Its an excellent analogy in that illustrates that there are many ways to approach solving certain problems. Some ways are better than others and some ways are clearly wrong. It illustrates that Sony can achieve the desired objective without directly exposing themselves to a potential PR disaster.
OK, we need to split this into two parts, because you seem to have switched between two different arguments to which the analogy applies differently. Let me jog your memory of your initial argument I was actually responding to:
Sony made the right choice. It was their only choice really. They are a for profit company, remember. They cant endanger people's lives. They have to be more discreet.
Is it a good analogy for your moral judgement that Sony would be responsible for the consequences? No. Sony would not be putting them or anyone else in front of a speeding train, it is more like someone (NK) deliberately ramming a car into a group of people. If someone blackmails me "give me £1,000 or I kill the bunnies" am I responsible when they kill the bunnies? Of course not. The analogy is always invalid when considering this dimension because Sony are neither in front of nor driving the train. Sony releasing the film would not have endangered anyone's lives (or at least only the lives of people that were aware of the risk and chose to watch the film anyway)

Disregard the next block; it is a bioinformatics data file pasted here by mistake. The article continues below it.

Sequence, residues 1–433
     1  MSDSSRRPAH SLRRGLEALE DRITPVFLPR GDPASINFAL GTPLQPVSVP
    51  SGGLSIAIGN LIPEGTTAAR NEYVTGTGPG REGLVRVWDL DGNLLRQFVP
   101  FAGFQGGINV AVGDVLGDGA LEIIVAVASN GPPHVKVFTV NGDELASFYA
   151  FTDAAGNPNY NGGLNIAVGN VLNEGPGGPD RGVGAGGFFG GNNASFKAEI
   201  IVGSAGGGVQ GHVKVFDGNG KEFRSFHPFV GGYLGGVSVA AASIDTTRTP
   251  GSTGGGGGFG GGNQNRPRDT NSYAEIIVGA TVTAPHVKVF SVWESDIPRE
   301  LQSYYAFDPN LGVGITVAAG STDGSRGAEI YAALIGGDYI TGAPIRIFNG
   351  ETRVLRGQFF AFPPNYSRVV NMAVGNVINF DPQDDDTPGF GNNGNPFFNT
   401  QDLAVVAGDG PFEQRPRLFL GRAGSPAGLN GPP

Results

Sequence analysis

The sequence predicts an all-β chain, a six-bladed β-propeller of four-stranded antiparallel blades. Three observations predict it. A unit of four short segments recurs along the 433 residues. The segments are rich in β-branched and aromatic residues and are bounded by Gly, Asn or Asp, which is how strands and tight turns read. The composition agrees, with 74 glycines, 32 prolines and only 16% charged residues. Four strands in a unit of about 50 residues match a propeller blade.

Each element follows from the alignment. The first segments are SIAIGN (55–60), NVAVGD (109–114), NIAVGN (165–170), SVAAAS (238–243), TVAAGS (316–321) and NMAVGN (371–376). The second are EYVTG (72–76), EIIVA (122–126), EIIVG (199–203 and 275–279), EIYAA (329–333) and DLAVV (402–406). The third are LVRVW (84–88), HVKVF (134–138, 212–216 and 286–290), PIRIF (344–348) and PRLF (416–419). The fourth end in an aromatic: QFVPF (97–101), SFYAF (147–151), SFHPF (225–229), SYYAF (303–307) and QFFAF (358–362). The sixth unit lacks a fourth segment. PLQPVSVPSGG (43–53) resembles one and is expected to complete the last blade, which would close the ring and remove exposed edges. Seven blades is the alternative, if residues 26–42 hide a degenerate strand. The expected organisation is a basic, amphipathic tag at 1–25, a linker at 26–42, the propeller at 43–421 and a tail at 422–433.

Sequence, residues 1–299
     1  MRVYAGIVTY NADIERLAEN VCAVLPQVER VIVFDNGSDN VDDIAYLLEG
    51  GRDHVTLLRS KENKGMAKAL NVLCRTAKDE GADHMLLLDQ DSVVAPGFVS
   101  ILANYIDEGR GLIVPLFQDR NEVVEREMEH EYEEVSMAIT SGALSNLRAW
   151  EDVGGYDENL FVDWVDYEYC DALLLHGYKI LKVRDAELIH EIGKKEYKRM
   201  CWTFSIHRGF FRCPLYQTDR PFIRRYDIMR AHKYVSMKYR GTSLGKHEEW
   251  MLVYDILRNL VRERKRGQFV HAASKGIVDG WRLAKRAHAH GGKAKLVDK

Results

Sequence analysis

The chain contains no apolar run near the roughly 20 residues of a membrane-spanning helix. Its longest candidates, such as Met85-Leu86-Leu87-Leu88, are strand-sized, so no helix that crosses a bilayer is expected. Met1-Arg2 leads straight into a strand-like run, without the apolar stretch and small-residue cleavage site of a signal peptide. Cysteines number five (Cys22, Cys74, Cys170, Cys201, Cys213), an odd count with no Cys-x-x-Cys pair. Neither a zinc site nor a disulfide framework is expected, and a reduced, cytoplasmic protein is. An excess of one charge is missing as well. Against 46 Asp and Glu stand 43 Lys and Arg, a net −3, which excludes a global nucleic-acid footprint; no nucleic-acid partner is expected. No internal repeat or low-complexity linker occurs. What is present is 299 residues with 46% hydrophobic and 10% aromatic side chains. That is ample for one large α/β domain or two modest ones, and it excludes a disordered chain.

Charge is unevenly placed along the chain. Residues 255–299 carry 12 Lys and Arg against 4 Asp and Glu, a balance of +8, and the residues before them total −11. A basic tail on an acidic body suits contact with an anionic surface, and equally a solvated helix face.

Is it a good analogy for the corporate reasoning behind the decision making? I don't think so. Sony pulled the movie because cinemas weren't showing it, so it would flop. But assuming they had pulled it because of the threats? I still don't think so. You seem to make assumptions about the consequences of caving (limited only to the investment in this particular investment) when, in reality, it proves that the threat tactics work and more and more people will begin to use them. Sure, they jump from the path of the local train... but right into the path of the speeding express to oblivion. Indeed you assume there's no shareholder value in standing up to the bullies... I guess the value of Sony being able to carry out is business and make money without illegal interference doesn't count as shareholder value, eh? So yes, in this dimension, maybe the analogy is valid; I still disagree with your conclusions though.
Now that call is for Sony's managers and shareholders to make (indeed it looks like they've moved from their original position on this)
Showing the film in theatres is not the only avenue for justice. And it is certainly not the best one.
I guess that depends how you define justice. I don't particularly think punishment of the culprits or some kind of compensation for Sony would equate (either morally or financially) to the wrong that is done by having their legitimate business activities curtailed by illegal blackmail.
Can you even imagine the backlash if some nut walks in a theatre and shoots up a couple freckle faced teenagers? Headline on CNN: "Sony puts profits over public safety!!".
Then CNN would be idiots, because that headline would be a poor reflection of reality. I guess "Sony does legal and reasonable stuff and nut does nutty stuff" (or, even more accurately, "nutt does nutty stuff in cinema") doesn't garner many clicks... (aside: your logic here reminds of this)
(the wishes of the independent theatres were not solicited or considered I assure you).
Please don't pull facts out your arse.